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Covid-19 vaccines have saved 3 million lives in the United States, study finds, but the fight is not over


Covid-19 vaccines have kept more than 18.5 million people in the United States out of hospital and saved more than 3.2 million lives, a new study says – and that estimate is most likely conservative, researchers say .

The United States is approaching the second anniversary of its first Covid-19 vaccinations, and although the coronavirus still causes thousands of illnesses and deaths, vaccines have made life with the virus more manageable.

To determine exactly how much the injections helped, researchers from the Commonwealth Fund and the Yale School of Public Health created a computer model of disease transmission that incorporates demographic information, people’s risk factors, the dynamics of infection and general information on vaccination.

Their study, published on Tuesday, found that without Covid-19 vaccines, the country would have had 1.5 times more infections, 3.8 times more hospitalizations and 4.1 times more deaths than between December 2020. and November 2022.

As it stands, Covid-19 has caused at least 99.2 million cases and over 1.08 million deaths in the United States. Last week alone, there were 2,981 new deaths and 30,253 new hospital admissions, according to the US Centers for Disease Control and Prevention.

The study estimates that vaccinations were also a good financial bet, saving US$1.15 trillion in medical costs.

If you take into account the long Covid cases that vaccines are likely prevented, the savings could be much greater, according to Alison Galvani, one of the authors of the study.

“Given the urgency of highly transmissible variants and immune evasion variants like Omicron, this is a remarkable achievement and an extraordinary achievement,” said Galvani, founding director of the Yale Center for Modeling and Analysis. infectious diseases.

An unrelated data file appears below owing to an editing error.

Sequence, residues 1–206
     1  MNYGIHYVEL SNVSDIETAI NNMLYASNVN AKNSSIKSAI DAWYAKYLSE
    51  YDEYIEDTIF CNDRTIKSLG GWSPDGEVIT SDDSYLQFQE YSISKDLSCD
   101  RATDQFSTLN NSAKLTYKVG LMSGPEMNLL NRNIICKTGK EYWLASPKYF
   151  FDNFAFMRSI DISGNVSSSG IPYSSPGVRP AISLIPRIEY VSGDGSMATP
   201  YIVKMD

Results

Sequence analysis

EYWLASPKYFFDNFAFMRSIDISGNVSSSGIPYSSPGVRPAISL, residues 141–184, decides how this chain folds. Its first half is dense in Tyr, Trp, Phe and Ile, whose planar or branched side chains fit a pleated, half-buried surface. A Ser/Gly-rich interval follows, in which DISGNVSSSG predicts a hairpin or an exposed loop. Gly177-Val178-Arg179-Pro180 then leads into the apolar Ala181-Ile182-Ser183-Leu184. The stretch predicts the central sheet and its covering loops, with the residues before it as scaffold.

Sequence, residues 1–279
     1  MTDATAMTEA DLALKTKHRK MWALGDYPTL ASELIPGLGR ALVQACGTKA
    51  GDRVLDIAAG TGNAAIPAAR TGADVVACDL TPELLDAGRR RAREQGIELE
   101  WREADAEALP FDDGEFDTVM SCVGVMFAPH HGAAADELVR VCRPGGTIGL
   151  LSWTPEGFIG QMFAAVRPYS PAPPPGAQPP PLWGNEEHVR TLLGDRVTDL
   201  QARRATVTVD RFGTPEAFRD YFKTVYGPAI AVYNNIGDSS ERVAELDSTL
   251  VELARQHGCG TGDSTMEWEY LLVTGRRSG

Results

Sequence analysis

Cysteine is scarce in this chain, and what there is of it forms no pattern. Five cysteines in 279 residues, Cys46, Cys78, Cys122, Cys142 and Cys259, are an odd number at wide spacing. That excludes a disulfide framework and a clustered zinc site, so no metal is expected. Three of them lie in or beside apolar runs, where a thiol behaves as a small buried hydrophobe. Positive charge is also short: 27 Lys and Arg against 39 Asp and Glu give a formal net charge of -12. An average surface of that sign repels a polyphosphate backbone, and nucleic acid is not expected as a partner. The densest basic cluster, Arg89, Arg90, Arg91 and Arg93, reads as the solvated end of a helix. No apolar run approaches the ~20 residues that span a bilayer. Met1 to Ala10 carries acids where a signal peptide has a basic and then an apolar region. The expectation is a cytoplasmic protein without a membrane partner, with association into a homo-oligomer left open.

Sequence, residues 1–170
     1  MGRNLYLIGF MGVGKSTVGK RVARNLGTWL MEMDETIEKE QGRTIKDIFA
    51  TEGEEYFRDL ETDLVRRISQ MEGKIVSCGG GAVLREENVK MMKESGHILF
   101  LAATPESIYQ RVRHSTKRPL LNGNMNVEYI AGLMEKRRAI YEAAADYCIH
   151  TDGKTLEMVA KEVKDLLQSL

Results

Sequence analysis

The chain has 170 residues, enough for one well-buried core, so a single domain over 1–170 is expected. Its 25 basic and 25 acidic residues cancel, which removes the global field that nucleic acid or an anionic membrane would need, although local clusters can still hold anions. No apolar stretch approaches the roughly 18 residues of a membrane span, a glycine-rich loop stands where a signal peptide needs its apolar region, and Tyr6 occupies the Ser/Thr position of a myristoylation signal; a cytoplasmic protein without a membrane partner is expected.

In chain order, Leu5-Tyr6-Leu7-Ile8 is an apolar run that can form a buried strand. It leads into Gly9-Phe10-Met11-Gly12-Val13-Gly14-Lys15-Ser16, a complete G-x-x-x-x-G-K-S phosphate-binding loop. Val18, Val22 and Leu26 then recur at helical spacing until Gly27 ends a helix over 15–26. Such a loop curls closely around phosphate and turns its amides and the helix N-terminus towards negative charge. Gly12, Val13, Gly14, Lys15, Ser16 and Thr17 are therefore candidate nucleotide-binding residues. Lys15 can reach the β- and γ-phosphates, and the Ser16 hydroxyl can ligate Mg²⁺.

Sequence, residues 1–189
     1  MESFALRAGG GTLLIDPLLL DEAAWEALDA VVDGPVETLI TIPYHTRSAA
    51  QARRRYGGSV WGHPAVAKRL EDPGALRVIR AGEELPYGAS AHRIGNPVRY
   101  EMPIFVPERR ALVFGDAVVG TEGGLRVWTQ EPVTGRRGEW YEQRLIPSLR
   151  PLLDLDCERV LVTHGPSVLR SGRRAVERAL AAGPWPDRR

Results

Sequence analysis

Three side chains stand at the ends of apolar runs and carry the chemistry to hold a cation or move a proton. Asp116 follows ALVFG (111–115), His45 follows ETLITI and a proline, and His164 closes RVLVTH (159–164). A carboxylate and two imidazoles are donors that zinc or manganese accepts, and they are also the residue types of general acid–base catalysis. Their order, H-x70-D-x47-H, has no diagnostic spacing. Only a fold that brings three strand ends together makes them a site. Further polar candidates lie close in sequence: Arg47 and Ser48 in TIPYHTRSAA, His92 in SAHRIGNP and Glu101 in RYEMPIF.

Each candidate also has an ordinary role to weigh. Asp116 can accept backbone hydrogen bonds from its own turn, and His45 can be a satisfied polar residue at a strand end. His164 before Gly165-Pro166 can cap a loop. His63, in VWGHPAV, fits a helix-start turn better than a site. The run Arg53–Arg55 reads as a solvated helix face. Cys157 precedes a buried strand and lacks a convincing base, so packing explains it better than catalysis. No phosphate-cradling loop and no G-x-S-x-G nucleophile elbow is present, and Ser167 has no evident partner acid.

“Going forward, accelerating uptake of the new booster will be fundamental to avoiding future hospitalizations and deaths. »

Nearly 658 million Covid-19 vaccines have been administered in the United States. However, uptake of the new boosters – which target the original virus strain as well as the Omicron BA.4/5 subvariants – has been slow since they were authorized this fall. Only about 14% of the eligible population has received one, and 1 in 5 people in the United States are still unvaccinated, according to the CDC.

The Biden Administration has encouraged more Americans to boost up, especially with upcoming holiday gatherings.

” Do not wait. If you wait, you put yourself at risk,” Dr. Anthony Fauci, chief medical adviser to President Biden and director of the National Institute of Allergy and Infectious Diseases, said Friday at an AARP event. “We are entering the coldest months of late fall and early winter. We will all be reuniting with our families and friends for the holidays. If you’re up to date, great. If you’re not, get vaccinated now.

The number of Covid-19 cases is trending up, as are deaths and hospitalizations, according to the CDC.

About 14% of the US population lives in an area that meets the CDC’s criteria for a “high” community level of Covid-19, including New York, Los Angeles County and Maricopa County, Arizona – a sharp increase compared to less than 5% last week, but well below the levels of previous surges. And at this level, the CDC recommends wearing a mask indoors.

“We’re all sick of the disease,” AARP CEO Jo Ann Jenkins said Friday. “Each of us has the power to significantly reduce our risk of getting sick. »

While the numbers are trending up, experts suggest masks may be appropriate in some circumstances.

The CDC recommends wearing a mask for anyone on public transportation. He also suggests wearing one in other public places in communities where the level of transmission is high. People at high risk of serious illness should wear masks even in areas where community levels are only average.

Other basic prevention measures still apply: keep your hands clean and stay home if you are sick.

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